Main Engine Cut Off

Layoffs at SpaceX and Tethers

We’re without some important pieces of information about the SpaceX layoff—mainly which departments and projects were impacted the most—but I’m not sure there are many people out there surprised by the decision. Their focus is shifting away from Falcon 9 and Heavy development and production and into flight operations at the same time that Starlink and Starship work pick up, so that inherently means shifting of personnel.

The layoffs at Tethers Unlimited are a major, major bummer. They’ve always been an interesting company with interesting projects and their small team is losing great people. Alan Boyle has a good write up on what happened over there.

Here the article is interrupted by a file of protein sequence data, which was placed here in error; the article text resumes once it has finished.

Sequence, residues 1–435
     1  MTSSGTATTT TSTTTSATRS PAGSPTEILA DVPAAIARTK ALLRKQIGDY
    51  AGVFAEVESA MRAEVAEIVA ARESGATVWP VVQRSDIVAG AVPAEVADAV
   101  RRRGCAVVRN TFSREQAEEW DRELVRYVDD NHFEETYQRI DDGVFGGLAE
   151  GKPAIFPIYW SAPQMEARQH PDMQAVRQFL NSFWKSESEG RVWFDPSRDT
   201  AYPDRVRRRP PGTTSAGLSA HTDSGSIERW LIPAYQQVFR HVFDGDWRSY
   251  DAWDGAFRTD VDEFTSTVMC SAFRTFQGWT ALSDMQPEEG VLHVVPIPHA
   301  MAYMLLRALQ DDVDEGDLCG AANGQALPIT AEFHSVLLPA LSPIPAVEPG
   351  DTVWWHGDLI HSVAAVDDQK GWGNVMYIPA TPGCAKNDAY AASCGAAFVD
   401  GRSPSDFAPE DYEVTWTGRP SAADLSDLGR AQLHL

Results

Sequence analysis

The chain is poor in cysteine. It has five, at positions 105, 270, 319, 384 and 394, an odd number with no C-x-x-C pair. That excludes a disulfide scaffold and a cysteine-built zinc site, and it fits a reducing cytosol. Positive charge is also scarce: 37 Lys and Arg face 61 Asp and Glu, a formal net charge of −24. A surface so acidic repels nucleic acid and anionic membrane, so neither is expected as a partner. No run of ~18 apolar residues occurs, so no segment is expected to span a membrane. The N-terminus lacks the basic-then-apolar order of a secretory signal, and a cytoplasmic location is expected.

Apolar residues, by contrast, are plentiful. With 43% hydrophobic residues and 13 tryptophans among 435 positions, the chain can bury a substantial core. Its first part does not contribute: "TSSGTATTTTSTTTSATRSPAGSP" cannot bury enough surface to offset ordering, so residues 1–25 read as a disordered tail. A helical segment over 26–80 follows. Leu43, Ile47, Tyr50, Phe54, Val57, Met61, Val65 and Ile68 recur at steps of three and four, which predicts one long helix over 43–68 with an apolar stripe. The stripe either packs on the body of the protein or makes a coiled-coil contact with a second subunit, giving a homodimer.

Rough end to last week for space.

WorldView-4 Fails

Maxar press release from earlier this week, on a gyro failure in WorldView-4:

Efforts are ongoing in conjunction with its suppliers in an attempt to restore satellite functionality, but thus far these efforts have been unsuccessful. At this time, Maxar believes that WorldView-4 will likely not be recoverable and will no longer produce usable imagery. Maxar operations has put the WorldView-4 satellite in a safe configuration and will continue to monitor the satellite's location and health. The satellite was built by Lockheed Martin and the CMGs were provided by Honeywell.

The WorldView-4 satellite is insured for $183 million, and Maxar intends to seek full recovery for the loss of WorldView-4 under its insurance policies. The Company will provide further updates on this matter as new information becomes available.

Such a bummer to lose a satellite after just two years in space, especially one that generated $85 million in revenue last year.